“What’s God’s plan? Automating the tills in Sainsbury so I lost my job?”
Moira Buffini’s State of the Nation play was delayed by Covid from 2020 and is set in an old, falling apart manor house in the English countryside somewhere near a river. The night sees an apocalyptic thunder storm with crashing thunder making several local residents homeless with flooded out cottages and floating away caravans, with a river breaking its banks.
The lady of the manor Diana is Nancy Carroll who lives there with her husband Pete (Owen McDonnell), a wildly, unstable rock singer with a drink and drugs problem. The teapot is full of stewed magic mushrooms! Their daughter is Isis (Liadan Dunlea) who has had the misfortune of seeing her name of an Egyptian goddess become an acronym for a terrorist organisation.
In the opening scene, there is a power cut and Diana gets into a struggle on the stairs with Pete who is recklessly firing a shotgun. She singes him with a candle and he falls downstairs and Diana and Isis find that the fall has killed him.
The local vicar Fiske (David Hargreaves) is on hand. Two women from London, holidaymakers staying at one of the cottages Ripley (Michele Austin) and her daughter Isadora (Shaniqua Okwok) seek shelter at the manor house. The comedy is getting darker by the minute with Pete’s body laid out under a blanket on the kitchen dining table.
All are huddled around the fireplace in baronial hall and the power cut means no heating upstairs and Diana tells Isis that she hasn’t paid the buildings insurance, as the storm threatens to make more parts of the roof leak with rainwater.
Into this scene of cold and damp come two men, Ted Farrier (Shaun Evans) and Anton (Peter Bray). They have left Ted’s blind girl friend Ruth (Amy Forrest) in the car so an expedition sets out to bring her in and rescue a man they saw hanging on to a hedge. Perry (Edward Judge) has left all his medication in his drowned caravan.
Ted Farrier is the leader of a far right organisation called Albion. The two alpha figures in this play are Ted and the capable nurse Ripley, who is training as a doctor. Ted’s organisation seems to have cult status with Ruth telling us that as a woman her role is to be a home maker. Ted refers to his understanding of history which has large gaps in it from the Romans to Napoleon. Ripley says to him, “So you’re multi-cultural fascists. What a broad appeal!”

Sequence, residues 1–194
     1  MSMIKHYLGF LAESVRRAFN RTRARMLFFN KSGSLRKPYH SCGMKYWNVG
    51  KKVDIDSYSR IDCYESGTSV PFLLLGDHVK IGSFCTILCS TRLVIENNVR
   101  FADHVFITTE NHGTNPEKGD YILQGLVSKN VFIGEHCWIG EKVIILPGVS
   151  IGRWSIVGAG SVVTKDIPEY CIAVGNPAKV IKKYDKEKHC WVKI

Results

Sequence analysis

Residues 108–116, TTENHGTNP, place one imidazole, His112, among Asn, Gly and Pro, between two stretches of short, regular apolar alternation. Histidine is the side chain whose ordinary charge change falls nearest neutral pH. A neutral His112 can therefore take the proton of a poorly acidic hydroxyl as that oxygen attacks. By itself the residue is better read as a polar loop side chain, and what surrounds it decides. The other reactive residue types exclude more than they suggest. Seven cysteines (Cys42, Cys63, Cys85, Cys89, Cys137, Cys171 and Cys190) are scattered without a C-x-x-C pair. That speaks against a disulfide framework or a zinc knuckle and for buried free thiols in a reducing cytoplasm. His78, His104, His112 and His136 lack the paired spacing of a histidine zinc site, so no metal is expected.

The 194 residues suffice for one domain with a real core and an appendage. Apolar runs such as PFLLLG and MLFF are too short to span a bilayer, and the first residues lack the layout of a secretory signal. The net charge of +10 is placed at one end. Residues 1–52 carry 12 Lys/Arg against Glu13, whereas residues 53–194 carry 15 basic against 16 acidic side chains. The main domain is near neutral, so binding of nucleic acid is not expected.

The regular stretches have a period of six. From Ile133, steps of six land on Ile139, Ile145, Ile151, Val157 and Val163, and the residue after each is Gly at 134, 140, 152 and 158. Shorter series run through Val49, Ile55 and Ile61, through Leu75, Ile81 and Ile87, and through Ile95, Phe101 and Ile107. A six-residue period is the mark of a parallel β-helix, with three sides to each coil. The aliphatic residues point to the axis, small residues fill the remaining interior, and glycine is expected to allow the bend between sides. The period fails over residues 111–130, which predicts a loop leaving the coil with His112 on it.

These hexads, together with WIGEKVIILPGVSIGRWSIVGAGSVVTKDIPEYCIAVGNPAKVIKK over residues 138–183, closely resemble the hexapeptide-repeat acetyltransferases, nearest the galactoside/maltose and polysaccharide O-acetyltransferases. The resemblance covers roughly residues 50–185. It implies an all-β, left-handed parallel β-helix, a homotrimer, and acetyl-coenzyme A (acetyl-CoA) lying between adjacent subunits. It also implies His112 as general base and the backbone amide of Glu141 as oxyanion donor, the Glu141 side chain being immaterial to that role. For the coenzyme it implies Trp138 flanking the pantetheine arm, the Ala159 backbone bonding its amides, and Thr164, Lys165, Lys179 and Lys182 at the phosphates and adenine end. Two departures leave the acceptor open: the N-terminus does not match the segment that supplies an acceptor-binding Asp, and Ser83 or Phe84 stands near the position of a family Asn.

Ted’s assertiveness is attractive to Diana who finds him charismatic and we sense a sexual attraction between them. His politics offer her the restoration of her manor house and privilege. Historian Ruth has very strange ideas about history and Ripley sews up Ruth’s wound trying to ignore what Ruth is saying about slavery and colonisation.
It must be difficult to write a state of the nation play and then find a global pandemic has altered outcomes for so many. The programme points us in the direction of right wing organisations denying climate change but I suspect there are many more denials necessary for a belief in Ted Farrier’s Albion.
While I found much to laugh at in this black comedy, I had trouble identifying the playwright’s themes. Lez Brotherston’s magnificent set shows the manor house subsiding at odd angles in an exaggerated picture of pending demolition and collapse. There is of course a reference to wedding venues, the supposed rescuer of delapidated country homes. Make of that what you will. It is interesting to see Shaun Evans onstage after his television series Endeavour and Vigil. Nancy Carroll as Diana is suitably entitled. In fact, the acting performances are excellent with Moira Buffini’s oft collaborator, her sister Fiona directing. Those with high expectations of Moira Buffini’s writing may well be disappointed. Jon Nicholls’s sound and Jon Clark’s lighting bring the realistic storm crashing around us.
Written by Moira Buffini
Directed by Fiona Buffini
Director: Fiona Buffini
Designer: Lez Brotherston
Lighting Designer: Jon Clark
Composers and Sound Designer: Jon Nicholls
Intimacy Coordinator: : Ita O’Brien
Video Designer: Nina Dunn
Fight Director: Kate Waters
Running Time: Two hours and 30 minutes with an interval
Booking to 1st January 2022